Harmful effects of ultraviolet radiation

S. L. Bernstein, G. M. Bohigian, Y. O. Coble, E. H. Estes, I. R. Friedlander, W. R. Kennedy, P. J. Numann, W. C. Scott, J. H. Skom, R. M. Steinhilber, J. P. Strong, H. N. Wagner, W. R. Hendee, W. T. McGivney, D. O. Schiffman

Research output: Contribution to journalReview articlepeer-review

81 Scopus citations


Tanning for cosmetic purposes by sunbathing or by using artificial tanning devices is widespread. The hazards associated with exposure to ultraviolet radiation are of concern to the medical profession. Depending on the amount and form of the radiation, as well as on the skin type of the individual exposed, ultraviolet radiation causes erythema, sunburn, photodamage (photoaging), photocarcinogenesis, damage to the eyes, alteration of the immune system of the skin, and chemical hypersensitivity. Skin cancers most commonly produced by ultraviolet radiation are basal and squamous cell carcinomas. There also is much circumstantial evidence that the increase in the incidence of cutaneous malignant melanoma during the past half century is related to increased sun exposure, but this has not been proved. Effective and cosmetically acceptable sunscreen preparations have been developed that can do much to prevent or reduce most harmful effects to ultraviolet radiation if they are applied properly and consistently. Other safety measures include (1) minimizing exposure to ultraviolet radiation, (2) being aware of reflective surfaces while in the sun, (3) wearing protective clothing, (4) avoiding use of artificial tanning devices, and (5) protecting infants and children.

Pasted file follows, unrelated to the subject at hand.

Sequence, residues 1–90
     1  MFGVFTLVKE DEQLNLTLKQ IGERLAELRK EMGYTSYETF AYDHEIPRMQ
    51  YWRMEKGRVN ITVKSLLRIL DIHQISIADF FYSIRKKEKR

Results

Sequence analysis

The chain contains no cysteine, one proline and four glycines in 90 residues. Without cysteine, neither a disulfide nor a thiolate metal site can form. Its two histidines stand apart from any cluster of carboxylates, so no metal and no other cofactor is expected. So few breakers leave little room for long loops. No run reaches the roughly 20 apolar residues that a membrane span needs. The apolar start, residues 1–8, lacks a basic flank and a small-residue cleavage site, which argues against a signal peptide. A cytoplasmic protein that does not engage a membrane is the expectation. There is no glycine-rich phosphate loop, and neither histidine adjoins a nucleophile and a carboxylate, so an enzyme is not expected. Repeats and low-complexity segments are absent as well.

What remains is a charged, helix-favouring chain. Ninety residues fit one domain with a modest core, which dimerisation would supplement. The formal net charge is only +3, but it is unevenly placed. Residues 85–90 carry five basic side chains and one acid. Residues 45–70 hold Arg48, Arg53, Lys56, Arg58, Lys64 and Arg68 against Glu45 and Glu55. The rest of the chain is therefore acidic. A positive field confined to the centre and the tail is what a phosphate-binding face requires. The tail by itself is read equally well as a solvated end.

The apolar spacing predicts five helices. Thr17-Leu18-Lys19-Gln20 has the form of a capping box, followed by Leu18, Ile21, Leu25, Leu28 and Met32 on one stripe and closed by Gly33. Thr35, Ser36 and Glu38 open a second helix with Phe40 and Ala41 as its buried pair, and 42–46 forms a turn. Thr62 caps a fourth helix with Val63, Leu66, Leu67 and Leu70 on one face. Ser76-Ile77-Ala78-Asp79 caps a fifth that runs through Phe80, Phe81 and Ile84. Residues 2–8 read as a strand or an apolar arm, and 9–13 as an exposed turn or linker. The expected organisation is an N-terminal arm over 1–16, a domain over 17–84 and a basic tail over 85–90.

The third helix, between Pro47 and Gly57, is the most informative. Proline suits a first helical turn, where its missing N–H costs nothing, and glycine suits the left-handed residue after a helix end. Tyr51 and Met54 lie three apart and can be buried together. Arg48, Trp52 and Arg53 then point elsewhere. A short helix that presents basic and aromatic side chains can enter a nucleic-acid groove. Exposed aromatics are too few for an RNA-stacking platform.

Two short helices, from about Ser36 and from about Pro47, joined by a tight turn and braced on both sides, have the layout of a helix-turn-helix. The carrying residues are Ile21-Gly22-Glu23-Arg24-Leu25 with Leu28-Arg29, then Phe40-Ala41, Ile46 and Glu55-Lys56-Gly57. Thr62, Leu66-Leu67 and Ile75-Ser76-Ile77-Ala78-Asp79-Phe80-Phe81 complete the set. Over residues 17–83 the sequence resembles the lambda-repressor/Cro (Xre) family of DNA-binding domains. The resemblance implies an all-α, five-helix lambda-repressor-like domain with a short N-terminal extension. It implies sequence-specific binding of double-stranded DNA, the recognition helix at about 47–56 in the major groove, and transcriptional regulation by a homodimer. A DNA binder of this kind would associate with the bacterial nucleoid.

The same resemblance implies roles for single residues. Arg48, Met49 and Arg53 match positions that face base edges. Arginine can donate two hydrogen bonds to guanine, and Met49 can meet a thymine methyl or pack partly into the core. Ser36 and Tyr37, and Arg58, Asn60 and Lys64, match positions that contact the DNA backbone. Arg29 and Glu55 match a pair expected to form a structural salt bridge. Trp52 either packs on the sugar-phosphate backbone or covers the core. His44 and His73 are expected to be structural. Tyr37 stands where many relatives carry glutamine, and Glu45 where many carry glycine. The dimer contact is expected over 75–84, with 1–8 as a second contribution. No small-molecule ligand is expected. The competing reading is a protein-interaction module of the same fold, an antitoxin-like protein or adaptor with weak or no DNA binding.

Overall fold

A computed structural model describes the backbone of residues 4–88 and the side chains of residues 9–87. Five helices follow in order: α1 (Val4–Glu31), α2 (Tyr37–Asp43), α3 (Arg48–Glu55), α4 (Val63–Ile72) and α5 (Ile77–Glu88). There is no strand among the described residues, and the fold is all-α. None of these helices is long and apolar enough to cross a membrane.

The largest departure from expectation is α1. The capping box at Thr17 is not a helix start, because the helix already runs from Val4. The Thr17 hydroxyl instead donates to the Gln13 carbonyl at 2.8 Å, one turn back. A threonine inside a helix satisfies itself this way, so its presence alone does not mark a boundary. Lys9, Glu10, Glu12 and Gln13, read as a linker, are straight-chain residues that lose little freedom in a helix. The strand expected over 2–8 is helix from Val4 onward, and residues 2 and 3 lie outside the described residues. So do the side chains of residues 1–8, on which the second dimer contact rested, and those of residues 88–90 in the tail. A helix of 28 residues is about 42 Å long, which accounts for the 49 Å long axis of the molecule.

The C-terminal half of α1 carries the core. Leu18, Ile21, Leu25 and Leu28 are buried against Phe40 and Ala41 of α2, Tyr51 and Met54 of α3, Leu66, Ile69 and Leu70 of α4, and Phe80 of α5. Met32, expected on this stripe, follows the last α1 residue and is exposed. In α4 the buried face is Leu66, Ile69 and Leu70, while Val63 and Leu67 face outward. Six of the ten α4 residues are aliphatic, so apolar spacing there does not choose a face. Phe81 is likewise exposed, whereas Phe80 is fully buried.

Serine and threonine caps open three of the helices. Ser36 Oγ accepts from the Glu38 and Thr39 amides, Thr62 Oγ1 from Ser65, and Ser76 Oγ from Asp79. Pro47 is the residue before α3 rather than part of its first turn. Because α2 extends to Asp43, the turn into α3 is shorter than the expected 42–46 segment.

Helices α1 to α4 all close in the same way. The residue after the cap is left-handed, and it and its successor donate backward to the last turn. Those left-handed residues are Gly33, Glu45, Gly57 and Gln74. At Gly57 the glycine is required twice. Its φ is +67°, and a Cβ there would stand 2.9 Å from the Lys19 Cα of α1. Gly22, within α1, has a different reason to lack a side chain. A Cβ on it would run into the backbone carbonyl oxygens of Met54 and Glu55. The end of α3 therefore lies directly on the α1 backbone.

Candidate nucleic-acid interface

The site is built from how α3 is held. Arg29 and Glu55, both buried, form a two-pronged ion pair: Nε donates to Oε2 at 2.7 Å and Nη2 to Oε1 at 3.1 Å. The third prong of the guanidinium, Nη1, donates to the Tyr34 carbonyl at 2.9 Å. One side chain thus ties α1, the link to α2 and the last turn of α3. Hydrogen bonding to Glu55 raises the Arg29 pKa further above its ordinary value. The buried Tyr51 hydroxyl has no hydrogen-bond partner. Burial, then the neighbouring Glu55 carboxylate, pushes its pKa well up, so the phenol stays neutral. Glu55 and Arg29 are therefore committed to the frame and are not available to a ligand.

Original languageEnglish (US)
Pages (from-to)380-384
Number of pages5
JournalJournal of the American Medical Association
Issue number3
StatePublished - 1989


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